The glamorous life of a (fashion) truck driver: Behind the scenes of ‘The Styleliner’


The Styleliner is doing a tour of various cities on the East Coast and will be stationed in D.C. through June 17. (Sarah L. Voisin/WASHINGTON POST)
May 26, 2012

“Mommy, is this a dream?”

An 8-year-old girl steps out of the late-May sun beating down on a Georgetown parking lot and right into her own little version of heaven — a food truck.

Except this truck isn’t selling ice cream or cupcakes. She has climbed into a sartorial treasure chest filled floor to gilded ceiling with high-end jewelry, clothing and accessories — all housed inside what was once a potato chip delivery truck.

“Welcome to the Styleliner,” chirps Joey Wolffer, the bubbly, business-savvy brains behind the boutique-on-wheels.

“When I got the truck, it looked like a refrigerator. You had to have a really big imagination. I loved the idea of making it look like an old ’80s nightclub,” the 30-year-old New York native says, gesturing at the glam touches of gold, black, red and hot pink. “But you can still kind of see the Jay’s potato chip logo on the outside. I just love it.”

The Styleliner, based in New York City, is road-tripping in the District this spring after operating in New York since 2010. Wolffer and her partner, Sara Droz, have split their time among various locations in Georgetown and Dupont Circle five days a week since arriving in May.

“When we were talking about coming here, I was like, ‘D.C. is so conservative,’ ” says Wolffer. “But people here are hungry for fashion. The number of times we’ve heard, ‘Thank you for coming to D.C.,’ I can’t even tell you.”

For Wolffer, the idea to start her own business took form in 2008 after the death of her father. An entrepreneur, he had always urged her to “do something for myself,” says Wolffer, a longtime trend consultant at the Jones Group, the company behind brands such as Anne Klein, Jones New York and Nine West. “When I got promoted to design director at my old job, my dad called me ‘Director’ for months.”

Wolffer’s job required her to travel worldwide “finding inspiration,” she says. She met designers whose work she loved but who had no representation in the United States. A lightbulb flickered — she’d found her niche.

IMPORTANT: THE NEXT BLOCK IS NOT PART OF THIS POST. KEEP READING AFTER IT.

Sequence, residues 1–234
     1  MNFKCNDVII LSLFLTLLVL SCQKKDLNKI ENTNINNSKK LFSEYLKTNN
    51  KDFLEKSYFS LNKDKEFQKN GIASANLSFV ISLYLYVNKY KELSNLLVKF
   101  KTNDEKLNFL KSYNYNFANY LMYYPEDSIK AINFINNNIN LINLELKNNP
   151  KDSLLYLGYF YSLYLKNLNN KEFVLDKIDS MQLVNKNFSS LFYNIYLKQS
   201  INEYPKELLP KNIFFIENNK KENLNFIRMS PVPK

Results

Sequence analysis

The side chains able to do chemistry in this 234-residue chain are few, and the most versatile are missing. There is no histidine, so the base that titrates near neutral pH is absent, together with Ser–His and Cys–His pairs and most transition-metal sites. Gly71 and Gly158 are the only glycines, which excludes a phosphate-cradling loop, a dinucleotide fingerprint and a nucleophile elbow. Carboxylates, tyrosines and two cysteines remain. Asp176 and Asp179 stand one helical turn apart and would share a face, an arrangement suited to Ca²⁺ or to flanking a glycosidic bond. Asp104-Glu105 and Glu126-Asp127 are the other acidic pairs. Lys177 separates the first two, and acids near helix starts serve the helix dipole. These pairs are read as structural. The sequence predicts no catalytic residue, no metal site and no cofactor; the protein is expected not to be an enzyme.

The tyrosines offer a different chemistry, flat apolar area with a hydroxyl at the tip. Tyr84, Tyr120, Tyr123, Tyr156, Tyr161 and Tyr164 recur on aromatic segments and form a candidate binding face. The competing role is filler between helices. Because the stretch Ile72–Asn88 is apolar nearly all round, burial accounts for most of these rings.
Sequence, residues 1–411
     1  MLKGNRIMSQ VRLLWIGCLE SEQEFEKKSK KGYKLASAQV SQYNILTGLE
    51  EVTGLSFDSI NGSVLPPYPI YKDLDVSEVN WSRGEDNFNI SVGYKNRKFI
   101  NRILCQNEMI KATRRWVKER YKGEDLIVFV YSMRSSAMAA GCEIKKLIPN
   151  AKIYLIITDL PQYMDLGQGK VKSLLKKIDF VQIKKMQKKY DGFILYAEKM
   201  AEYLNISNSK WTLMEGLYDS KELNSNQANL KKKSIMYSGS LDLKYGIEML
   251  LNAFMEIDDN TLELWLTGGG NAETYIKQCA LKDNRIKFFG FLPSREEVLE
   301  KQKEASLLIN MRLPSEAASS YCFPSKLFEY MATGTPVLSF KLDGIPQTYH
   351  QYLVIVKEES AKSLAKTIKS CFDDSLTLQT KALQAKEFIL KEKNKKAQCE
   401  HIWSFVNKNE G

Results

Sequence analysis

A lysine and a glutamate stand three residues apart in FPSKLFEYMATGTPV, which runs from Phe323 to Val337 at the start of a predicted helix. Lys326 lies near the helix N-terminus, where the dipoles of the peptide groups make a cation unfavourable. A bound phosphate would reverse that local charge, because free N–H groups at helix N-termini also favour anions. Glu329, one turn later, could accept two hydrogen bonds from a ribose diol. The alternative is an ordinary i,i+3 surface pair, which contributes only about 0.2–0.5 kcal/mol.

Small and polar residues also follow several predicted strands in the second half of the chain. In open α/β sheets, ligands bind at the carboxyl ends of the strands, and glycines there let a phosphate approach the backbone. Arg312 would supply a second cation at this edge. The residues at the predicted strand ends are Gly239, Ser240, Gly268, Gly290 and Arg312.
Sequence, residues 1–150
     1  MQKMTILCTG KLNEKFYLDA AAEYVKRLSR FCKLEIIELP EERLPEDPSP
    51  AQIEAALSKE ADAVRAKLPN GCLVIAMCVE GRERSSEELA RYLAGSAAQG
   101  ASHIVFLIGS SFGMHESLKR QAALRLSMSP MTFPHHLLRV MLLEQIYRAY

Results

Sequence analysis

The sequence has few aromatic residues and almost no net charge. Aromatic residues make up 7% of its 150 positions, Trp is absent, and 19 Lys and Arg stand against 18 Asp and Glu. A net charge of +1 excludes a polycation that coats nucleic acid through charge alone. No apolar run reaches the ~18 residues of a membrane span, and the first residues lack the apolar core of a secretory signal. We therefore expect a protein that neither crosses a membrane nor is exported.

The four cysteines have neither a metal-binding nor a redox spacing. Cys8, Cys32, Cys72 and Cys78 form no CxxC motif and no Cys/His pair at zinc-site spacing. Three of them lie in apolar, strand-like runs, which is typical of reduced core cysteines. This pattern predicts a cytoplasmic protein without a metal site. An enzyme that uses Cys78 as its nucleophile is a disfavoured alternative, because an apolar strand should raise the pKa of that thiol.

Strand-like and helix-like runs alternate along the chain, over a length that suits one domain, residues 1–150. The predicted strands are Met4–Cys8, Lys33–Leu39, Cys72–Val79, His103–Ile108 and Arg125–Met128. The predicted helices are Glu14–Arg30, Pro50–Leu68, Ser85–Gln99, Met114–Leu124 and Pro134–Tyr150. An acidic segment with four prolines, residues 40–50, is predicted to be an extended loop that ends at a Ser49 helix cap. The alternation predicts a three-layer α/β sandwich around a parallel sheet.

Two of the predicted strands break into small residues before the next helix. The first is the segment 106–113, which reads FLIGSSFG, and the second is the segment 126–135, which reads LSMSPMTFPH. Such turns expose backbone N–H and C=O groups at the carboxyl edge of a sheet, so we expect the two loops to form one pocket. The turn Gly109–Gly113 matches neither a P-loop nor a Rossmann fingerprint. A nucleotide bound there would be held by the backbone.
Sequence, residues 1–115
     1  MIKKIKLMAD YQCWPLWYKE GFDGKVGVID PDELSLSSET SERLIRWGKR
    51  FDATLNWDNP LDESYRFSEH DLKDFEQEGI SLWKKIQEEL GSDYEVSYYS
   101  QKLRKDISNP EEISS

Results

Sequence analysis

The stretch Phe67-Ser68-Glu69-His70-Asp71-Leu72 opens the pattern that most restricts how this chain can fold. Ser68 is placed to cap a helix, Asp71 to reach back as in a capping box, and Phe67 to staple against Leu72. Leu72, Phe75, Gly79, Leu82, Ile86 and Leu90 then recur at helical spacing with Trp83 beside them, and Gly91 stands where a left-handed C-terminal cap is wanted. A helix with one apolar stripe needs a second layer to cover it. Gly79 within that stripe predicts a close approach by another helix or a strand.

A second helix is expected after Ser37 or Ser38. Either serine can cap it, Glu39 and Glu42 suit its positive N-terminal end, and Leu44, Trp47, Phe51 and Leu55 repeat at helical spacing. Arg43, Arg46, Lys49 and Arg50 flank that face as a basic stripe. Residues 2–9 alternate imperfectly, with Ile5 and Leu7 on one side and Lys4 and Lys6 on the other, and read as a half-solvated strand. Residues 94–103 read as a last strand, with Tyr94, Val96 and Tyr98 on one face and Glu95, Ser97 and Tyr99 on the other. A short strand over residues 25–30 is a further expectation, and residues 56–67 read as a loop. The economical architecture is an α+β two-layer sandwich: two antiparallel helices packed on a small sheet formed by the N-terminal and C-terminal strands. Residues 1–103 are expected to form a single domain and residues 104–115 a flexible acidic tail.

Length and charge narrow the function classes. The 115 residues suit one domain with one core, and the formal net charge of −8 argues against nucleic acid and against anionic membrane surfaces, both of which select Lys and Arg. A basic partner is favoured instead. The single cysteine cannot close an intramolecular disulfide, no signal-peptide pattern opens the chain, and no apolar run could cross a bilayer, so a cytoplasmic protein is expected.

“I knew all along that I didn’t want to do a store. Rent for a good space in New York is so expensive,” she says. “And a store, it’s just not me. I wanted to do something off the beaten path.”

Inspired by the Twitter-fueled success of food trucks, Wolffer created the Styleliner in 2010. It is one of a handful of “fashion trucks” (and buses, and trailers) that have sprung up nationwide: Bootleg in Austin, Vintage Mobile in Dallas, Aetherstream in San Francisco, Creme Tangerine in Costa Mesa, Calif., Cookies N Cream in New York, and Lodekka and Wanderlust in Portland, Ore.

Wolffer began collecting merchandise, an eclectic mix that ranges from bracelets from the markets of Paris and Kenya for as little as $20 to leather bags and embellished jackets by the Greek designer Dassios, which sell for upwards of $1,500.

Meanwhile, Wolffer’s husband tracked down a ’99 Chevy in Illinois that simultaneously turned Wolffer into a boutique owner, a truck driver and, by necessity, a car expert. (Ask her about the time her brakes failed in the Bronx.) “I’m living the glamorous life of a trucker,” she jokes.

Her first year, Wolffer ran the business alone. She was successful — “I broke even on my investment after the first two months parking in the Hamptons” — but lonely and overwhelmed.

Last fall, she brought Droz, 30, on board. Wolffer handles the merchandising while Droz takes care of marketing. Droz is also charged with encouraging Wolffer to take risks with the business; this has manifested in a pop-up shop at the Sundance Film Festival and the road trip that took them to Miami last winter and D.C. this spring.

Wolffer says the goal is to spread awareness of the Styleliner brand. Customers can order from Styleliner’s online shop and West Coast residents can expect to see a truck in California in the next couple of years.

On a recent muggy Wednesday, the duo was parked at 20th and P streets NW, near Dupont Circle. With old-school Destiny’s Child playing in the background, they chatted with curious shoppers, all women.

Droz says sales in D.C. have improved each week, so much that she and Wolffer may set up a pop-up shop in the District after the truck leaves town June 17.

According to Droz, their biggest sales numbers have been in Georgetown. But the Dupont Circle locations at 20th and P and outside Bar Dupont in the Dupont Circle Hotel have had a constant flow of customers. A best-selling item has been a long, sparkly link necklace, $395, that combines easily with the conservative style the capital is known for.

“Coming to a city like D.C. where there’s nothing like this — not just the truck, but the merchandise — it’s amazing,” says Wolffer. “I’m not doing better for the world, but helping women feel better about themselves is key for me. . . . My dad is probably watching and laughing at me.”

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